To drive more attention, the TB Free Treatment Buddies program partnered with media bloggers to volunteer as support systems for TB patients–putting great emphasis on the role that media can play in the recovery of patients and in raising awareness on the situation they face.

Support as an Online Treatment Buddy

Corner Magazine PH and The Manila Post blogger Allan Balmaceda expressed that the program was a completely enlightening process as he had no personal experience with TB. But after getting to know the situation of his buddy, Noel, he quickly learned that helping patients extended beyond just physical support. Treating patients with respect or being more friendly towards them, explains Balmaceda, is equally important as this can improve their psychological and emotional wellbeing.

Allen Balcemada

He also shared that despite Noel’s situation, it was his optimistic character that further inspired him to advocate about TB on his blogs and to discuss his experience with #TBFreePH online.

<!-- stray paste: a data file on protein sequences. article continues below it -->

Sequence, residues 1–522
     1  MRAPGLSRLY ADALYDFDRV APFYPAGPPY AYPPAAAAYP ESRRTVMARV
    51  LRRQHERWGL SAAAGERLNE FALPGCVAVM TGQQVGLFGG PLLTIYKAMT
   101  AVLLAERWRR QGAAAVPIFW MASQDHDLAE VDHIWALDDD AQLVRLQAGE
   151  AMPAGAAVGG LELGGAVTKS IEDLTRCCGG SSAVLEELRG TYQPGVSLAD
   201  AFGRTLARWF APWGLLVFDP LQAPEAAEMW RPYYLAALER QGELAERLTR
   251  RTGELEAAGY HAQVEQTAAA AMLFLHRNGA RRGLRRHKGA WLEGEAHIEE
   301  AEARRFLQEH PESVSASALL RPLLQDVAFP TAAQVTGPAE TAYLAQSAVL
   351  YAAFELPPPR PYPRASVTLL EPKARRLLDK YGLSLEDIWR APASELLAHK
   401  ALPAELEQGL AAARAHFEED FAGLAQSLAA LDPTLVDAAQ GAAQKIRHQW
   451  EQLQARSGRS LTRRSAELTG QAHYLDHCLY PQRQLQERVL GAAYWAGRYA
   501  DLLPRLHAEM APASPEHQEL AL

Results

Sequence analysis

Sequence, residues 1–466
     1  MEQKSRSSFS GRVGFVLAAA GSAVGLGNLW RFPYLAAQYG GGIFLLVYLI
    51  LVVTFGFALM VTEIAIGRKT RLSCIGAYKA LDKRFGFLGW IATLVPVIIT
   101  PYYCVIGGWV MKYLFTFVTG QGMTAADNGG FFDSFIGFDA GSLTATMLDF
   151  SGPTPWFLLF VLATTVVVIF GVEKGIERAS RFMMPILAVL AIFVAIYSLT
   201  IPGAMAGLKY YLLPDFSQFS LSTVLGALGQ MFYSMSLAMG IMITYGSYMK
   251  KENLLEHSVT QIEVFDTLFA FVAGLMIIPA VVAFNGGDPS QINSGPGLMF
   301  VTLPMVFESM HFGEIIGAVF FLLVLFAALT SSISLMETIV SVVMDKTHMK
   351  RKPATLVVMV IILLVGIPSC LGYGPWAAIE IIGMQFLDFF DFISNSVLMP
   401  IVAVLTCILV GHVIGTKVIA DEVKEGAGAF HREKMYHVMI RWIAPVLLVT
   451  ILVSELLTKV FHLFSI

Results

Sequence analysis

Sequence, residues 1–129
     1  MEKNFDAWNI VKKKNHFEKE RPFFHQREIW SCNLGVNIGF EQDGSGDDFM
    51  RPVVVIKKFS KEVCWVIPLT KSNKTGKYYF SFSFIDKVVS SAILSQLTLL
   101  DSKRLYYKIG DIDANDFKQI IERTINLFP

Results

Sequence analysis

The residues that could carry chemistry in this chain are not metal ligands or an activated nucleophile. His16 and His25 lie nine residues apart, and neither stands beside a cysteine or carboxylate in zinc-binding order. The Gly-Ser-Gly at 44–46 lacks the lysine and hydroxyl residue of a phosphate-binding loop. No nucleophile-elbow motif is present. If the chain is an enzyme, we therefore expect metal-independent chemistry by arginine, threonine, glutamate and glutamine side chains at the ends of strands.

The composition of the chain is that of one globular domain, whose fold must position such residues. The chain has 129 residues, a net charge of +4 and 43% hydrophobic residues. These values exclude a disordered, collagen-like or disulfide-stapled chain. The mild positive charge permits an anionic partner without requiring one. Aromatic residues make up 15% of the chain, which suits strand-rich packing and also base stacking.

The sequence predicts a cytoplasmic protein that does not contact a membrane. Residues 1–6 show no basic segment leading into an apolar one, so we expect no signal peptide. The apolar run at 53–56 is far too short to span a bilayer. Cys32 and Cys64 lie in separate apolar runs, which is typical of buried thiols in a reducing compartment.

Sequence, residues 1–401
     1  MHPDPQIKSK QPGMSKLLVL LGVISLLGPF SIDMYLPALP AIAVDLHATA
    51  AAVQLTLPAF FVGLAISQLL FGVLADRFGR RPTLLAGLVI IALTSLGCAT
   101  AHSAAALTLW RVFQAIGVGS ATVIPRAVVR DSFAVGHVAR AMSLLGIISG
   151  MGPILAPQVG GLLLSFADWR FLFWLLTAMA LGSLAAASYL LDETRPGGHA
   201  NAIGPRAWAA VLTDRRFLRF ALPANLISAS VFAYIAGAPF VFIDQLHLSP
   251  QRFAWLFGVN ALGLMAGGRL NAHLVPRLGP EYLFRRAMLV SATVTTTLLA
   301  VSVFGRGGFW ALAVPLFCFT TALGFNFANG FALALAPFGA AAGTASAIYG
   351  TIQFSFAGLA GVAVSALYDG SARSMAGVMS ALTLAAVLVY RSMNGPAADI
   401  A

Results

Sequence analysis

For other bloggers, the experience struck a little too close to home. Such was the case of Lucky Magno whose father suffered and died from lung complications. Having been the one to take care of his father, Lucky knows too well the hardships that come with having a family member battle the disease – one being the stigma surrounding TB.

Lucky Magno

Relating to his own family’s experience and the conversation he had with his own treatment buddy, Lucky further shares that there is a lack of urgency when people are faced with symptoms, often due to fear or shame. “TB is deadly, but it is curable,” he emphasized. “The moment you feel something wrong, seek immediate treatment and complete the medication process.”

As an active member of his barangay and an online content publisher, Lucky intends to assist in advocating for TB Prevention and help in detection and treatment through information dissemination.